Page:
A Handbook: Why transformative storytelling approaches?
This online handbook provides conceptual reflections, practical experiences, and methodological guidance on transformative creative and visual storytelling methods. These creative storytelling approaches combine a participatory, collaborative methodology with the creative use of technology to generate stories aimed at catalysing action on pressing social issues. They are important, as they contain all these elements, to help us respond to key political, technological and cultural trends in our societies.
TransformHarm.org is a resource hub about ending violence. It offers an introduction to transformative justice. Created by Mariame Kaba and designed by Joseph Lublink, the site includes selected articles, audio-visual resources, curricula, and more. The six main categories - transformative justice, summunity accountability, restorative justice, abolition, healing justice, and carceral feminisms - organize all the content on TranformHarm.org. From here, you can explore gathered curriculum, articles, media & more.
You can use what is currently on the site, and submit recommendations to be added to the focus areas listed on the site. We hope you will use the materials to foster your own education and also share them with your communities to build something new. Only together can we transform our relationships to each other and society. We hope that this site helps in this effort.
For many remote Indian communities, it often is difficult to create, develop and sustain trauma-informed and culturally appropriate services and resources as part of a health response for Indigenous women who have been sexually violated. Sexual assault nurse examiners (SANE) have specialized training, education, and experience in providing quality forensic medical examinations and patient-centered care to survivors. Given high medical staff turnover, it is challenging to keep SANE nurses on staff in tribal community health care facilities. Join us for this webinar to learn how the National TeleNursing Center, Hopi Health Care Center, National Indigenous Women’s Resource Center, and Hopi-Tewa Women’s Coalition to End Abuse are working effectively in partnership to respond using telemedicine to the needs of victims of sexual assault living on tribal lands with limited resources.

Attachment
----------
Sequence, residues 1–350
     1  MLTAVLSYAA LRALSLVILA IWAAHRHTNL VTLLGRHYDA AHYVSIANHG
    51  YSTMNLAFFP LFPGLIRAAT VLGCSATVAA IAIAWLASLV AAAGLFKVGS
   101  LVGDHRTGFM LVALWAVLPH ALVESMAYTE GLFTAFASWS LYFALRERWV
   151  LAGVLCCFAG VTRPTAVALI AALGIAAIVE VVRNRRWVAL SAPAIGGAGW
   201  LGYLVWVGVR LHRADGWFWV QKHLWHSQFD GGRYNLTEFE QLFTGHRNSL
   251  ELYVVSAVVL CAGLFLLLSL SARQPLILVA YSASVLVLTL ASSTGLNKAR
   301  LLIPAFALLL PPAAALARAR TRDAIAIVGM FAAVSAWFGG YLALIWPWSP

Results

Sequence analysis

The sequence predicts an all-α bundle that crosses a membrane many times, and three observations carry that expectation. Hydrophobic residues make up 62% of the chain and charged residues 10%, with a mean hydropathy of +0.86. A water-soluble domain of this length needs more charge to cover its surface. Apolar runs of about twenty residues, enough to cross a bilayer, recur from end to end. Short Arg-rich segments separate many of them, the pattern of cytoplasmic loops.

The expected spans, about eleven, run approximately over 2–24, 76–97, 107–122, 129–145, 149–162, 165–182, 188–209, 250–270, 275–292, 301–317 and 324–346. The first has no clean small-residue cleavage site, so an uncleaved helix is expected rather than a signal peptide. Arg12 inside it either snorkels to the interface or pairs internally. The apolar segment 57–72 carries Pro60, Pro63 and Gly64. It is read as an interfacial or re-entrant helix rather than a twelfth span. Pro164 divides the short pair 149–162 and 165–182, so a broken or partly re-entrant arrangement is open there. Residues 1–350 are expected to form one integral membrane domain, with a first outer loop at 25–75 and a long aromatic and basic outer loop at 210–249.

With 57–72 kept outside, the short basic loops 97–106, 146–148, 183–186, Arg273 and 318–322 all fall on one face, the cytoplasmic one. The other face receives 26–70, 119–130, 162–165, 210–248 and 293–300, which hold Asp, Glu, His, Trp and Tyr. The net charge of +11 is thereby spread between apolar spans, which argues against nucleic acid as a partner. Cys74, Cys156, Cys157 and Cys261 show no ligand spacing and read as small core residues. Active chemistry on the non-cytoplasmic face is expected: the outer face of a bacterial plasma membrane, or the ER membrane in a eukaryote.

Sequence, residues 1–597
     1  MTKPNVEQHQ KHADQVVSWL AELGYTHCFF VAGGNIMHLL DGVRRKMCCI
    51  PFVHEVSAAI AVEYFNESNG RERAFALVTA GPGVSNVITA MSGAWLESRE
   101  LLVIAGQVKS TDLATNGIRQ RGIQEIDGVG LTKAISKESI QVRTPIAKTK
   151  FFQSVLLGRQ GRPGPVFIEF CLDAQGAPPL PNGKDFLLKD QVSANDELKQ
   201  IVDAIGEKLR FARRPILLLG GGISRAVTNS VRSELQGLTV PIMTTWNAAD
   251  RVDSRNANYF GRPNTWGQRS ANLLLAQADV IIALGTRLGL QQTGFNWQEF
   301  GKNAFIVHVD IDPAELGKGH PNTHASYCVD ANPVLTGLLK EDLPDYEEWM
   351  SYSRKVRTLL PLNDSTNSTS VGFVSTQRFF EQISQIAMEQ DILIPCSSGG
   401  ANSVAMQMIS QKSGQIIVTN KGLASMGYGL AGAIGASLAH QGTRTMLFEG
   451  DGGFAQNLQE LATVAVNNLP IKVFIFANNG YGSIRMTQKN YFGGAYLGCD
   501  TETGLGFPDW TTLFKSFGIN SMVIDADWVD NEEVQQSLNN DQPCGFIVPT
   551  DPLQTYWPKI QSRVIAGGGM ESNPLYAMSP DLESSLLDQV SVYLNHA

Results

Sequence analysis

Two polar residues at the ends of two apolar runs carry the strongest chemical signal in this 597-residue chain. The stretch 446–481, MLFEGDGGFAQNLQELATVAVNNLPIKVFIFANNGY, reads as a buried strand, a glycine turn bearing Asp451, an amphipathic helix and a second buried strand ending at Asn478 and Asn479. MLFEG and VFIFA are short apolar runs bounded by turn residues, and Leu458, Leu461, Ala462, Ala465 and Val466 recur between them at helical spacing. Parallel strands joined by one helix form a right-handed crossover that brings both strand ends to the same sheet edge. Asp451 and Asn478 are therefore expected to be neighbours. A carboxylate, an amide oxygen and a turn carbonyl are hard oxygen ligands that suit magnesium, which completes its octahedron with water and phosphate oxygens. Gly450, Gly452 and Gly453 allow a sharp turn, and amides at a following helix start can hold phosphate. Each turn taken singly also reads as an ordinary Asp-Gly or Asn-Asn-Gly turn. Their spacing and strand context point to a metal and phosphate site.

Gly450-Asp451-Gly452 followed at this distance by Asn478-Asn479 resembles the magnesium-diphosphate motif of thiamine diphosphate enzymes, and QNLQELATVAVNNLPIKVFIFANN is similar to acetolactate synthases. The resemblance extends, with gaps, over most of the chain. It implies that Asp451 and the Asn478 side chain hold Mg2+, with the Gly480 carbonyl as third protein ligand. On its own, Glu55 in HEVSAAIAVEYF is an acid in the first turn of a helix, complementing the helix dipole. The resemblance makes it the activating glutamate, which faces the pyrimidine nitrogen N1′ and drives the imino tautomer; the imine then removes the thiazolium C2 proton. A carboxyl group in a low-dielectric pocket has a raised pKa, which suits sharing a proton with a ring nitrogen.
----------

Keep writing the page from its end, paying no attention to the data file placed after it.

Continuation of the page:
With funding from the U.S. Department of Justice, Office on Violence Against Women (OVW) (OVW grant 2012-TA-AX-K003), the American Institutes for Research’s National Center on Family Homelessness has completed a comprehensive review of transitional housing for survivors of domestic and sexual violence. The report and accompanying media, released in early 2017, look closely at the programs, the diverse individuals and families served, the varied operating environments, the types of challenges faced, and the range of approaches taken.
The report is built around interview data from in-depth conversations with more than 120 current and former OVW grantees. In addition to hundreds of comments from providers, each of the report’s 12 chapters, on different aspects of the subject, contains information from and links to pertinent literature and online resources. As a whole, the report provides a robust and detailed snapshot of transitional housing programs, illustrating the essential role they play for survivors, and the importance of a survivor-centered, trauma-informed approach that reflects local conditions. The report and accompanying webinars, podcasts, and broadsides can be accessed at http://www.air.org/THforSurvivors/.
The content of this resource is primarily intended for culturally specific, community-based organizations and seeks to provide practitioners with accessible language to describe the trauma informed/culturally specific overlap of their work. This is an effort to uplift their collective knowledge and commitment to actively resist re-traumatization, foster inclusivity, and promote social justice. The document first begins by exploring relevant definitions in the context of trauma informed work and gender based violence. Through specific examples and tips to organizations, we also highlight core principles that apply to working in a trauma informed and culturally specific manner. We conclude by providing a practice scenario and questions to help organizations think through their capacity, philosophy, and commitment to trauma informed and culturally specific approaches.